Married? Stop Being Smug Around Your Friends on Dating Apps

How about show some support for your single friends.

Erin Carson Former Senior Writer
Erin Carson covered internet culture, online dating and the weird ways tech and science are changing your life.
Expertise Erin has been a tech reporter for almost 10 years. Her reporting has taken her from the Johnson Space Center to San Diego Comic-Con's famous Hall H. Credentials
  • She has a master's degree in journalism from Syracuse University.
Erin Carson
3 min read
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Here's how to not come off like a smug married person.

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Welcome to CNET's Love Syncs, where we answer your questions about online dating. I'm Erin Carson, staff reporter, resident young-enough person, refrigerdating correspondent, curator of odd stuff on the internet, most likely to leave you on "read."

This week, a married reader wants to know how to be supportive to her friends trudging through the world of online dating.  

Hope you packed a pair of knee-high rubber boots.

Q: I'm happily married to someone I met on a dating site in the pre-Tinder days, so I'm a believer in online dating. However, I have friends who are on the apps and understandably frustrated with the whole situation. How do I remain an encouraging and supportive friend without coming off as a Smug Married Person?

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— A. 

A: Married people! They're everywhere. You might even be one of them. You know who else is everywhere? Single people! Somehow we all have to get along, without rubbing each other's faces in our respective marital bliss or freedom to bulk-purchase cheese without consulting anyone else in the household. 

At times, though, even bulk-purchased cheese isn't enough to soothe the frustrations of online dating. So what do you do if you're married and your single friend is contemplating setting fire to his or her phone in the middle of a field under a full moon? (Note: Love Syncs does not endorse setting fires in the middle of a field under a full moon.)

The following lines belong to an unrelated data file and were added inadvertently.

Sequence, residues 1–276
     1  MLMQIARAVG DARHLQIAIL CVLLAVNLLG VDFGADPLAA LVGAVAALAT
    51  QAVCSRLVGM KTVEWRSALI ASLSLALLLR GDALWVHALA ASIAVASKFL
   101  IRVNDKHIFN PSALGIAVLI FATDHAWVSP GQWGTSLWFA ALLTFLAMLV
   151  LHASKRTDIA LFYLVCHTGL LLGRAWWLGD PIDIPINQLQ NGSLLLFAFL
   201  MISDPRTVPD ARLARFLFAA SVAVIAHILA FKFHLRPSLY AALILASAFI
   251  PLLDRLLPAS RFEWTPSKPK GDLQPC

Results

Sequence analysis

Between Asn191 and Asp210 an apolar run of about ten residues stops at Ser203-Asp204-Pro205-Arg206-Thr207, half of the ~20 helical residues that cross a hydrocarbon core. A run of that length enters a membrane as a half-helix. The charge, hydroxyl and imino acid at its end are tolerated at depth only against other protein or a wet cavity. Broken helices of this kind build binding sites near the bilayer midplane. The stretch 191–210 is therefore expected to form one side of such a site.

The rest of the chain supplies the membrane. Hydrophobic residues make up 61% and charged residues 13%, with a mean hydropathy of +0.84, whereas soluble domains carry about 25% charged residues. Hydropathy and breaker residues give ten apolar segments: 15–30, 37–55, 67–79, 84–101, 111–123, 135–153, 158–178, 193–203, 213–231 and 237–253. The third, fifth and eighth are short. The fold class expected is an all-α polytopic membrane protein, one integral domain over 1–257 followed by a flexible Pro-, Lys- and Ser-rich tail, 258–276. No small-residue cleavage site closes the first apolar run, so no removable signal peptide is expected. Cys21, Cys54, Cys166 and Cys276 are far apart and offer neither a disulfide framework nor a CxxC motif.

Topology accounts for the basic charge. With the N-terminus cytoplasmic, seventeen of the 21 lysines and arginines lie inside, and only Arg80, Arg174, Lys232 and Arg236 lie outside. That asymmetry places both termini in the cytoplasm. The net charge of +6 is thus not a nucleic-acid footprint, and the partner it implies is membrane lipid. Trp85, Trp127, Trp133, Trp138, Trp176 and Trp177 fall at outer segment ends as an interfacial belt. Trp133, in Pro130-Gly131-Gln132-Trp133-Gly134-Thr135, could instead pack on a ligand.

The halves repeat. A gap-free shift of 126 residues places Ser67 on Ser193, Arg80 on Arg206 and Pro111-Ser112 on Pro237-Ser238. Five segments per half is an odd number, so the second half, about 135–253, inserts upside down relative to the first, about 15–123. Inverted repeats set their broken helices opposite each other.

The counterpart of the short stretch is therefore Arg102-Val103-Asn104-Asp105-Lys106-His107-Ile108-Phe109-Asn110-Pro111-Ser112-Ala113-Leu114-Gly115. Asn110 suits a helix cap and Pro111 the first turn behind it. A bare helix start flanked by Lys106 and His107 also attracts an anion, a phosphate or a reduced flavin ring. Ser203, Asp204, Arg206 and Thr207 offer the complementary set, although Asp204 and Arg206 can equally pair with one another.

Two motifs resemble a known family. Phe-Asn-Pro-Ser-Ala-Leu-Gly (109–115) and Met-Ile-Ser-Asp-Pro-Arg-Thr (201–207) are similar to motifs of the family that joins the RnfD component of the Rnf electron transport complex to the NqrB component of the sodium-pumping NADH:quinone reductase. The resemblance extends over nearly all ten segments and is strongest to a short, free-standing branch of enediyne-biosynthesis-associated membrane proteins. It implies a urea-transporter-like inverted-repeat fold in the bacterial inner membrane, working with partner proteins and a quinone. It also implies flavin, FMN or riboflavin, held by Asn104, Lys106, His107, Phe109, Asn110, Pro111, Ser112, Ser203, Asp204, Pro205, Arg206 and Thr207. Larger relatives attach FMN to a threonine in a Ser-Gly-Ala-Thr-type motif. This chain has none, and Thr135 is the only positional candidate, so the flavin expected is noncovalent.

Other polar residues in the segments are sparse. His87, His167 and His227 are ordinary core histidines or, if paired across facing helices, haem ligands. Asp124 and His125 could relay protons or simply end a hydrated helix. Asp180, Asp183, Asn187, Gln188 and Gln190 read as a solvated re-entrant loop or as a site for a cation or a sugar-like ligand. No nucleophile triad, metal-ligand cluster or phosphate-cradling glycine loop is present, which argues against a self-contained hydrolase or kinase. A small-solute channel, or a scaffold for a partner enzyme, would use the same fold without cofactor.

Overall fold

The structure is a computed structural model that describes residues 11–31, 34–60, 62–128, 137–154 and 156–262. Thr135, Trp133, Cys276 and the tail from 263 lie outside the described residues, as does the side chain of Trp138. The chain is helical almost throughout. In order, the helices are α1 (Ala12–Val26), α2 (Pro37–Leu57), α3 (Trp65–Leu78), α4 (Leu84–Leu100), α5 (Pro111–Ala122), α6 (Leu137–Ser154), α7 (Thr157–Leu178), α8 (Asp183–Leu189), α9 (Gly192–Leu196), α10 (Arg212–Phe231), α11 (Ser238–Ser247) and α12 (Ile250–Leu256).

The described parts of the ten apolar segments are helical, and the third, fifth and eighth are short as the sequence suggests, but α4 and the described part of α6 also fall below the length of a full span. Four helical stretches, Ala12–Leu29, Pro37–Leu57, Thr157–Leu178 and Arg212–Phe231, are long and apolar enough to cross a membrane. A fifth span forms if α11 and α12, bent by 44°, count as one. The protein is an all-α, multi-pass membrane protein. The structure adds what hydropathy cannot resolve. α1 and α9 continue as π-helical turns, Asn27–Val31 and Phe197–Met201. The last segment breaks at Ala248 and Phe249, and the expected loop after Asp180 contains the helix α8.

Rule No. 1 is very important and often stomped on. HEAR ME MARRIED PEOPLE: NEVER ever Ever EVER say: "Hooo, boy. Sure glad I'm not out there anymore."

Who does that comment serve, exactly? It's a jerk move and a great way to make your friend feel like they've set out for Everest without a tent. 

Next: Let your friend vent. You can't go wrong giving your friend the space to air their grievances with whatever weird, annoying thing just happened to them courtesy of The Apps. In fact, venting might be all they actually want to do. 

That brings me to the next point: Don't assume they're coming to you for advice or for your critique of their strategies. Bombarding someone with advice they're not seeking is a waste of everyone's time. 

The way you respond to your friend is going to depend somewhat on your relationship and what you know about their personality. Maybe they do want want your help swiping through profiles. They might even want to hear assurances that everything is going to work out. Or not. You know them better than I do, which is to say quite a bit because I keep inviting them to Bunko night and I get zero response.


Anyway. If anything, the fact that you've got experience with online dating, even if it's from a few years back, probably makes you a pretty appealing person to chat with about the travails of dating in the digital world. And if it seems like your friend is in the right kind of mood, you can always offer up your own bad date stories in solidarity. So, when you hand them a beer (or effervescent cold compress juice!) and honestly and empathetically offer them a, "dude, that sucks," they know that you know how they're feeling.

Read more: Best dating sites of 2019

CNET's Love Syncs is an advice column focusing on online dating. If you've got a question about finding love via app, send it to erin.carson@cnet.com for consideration.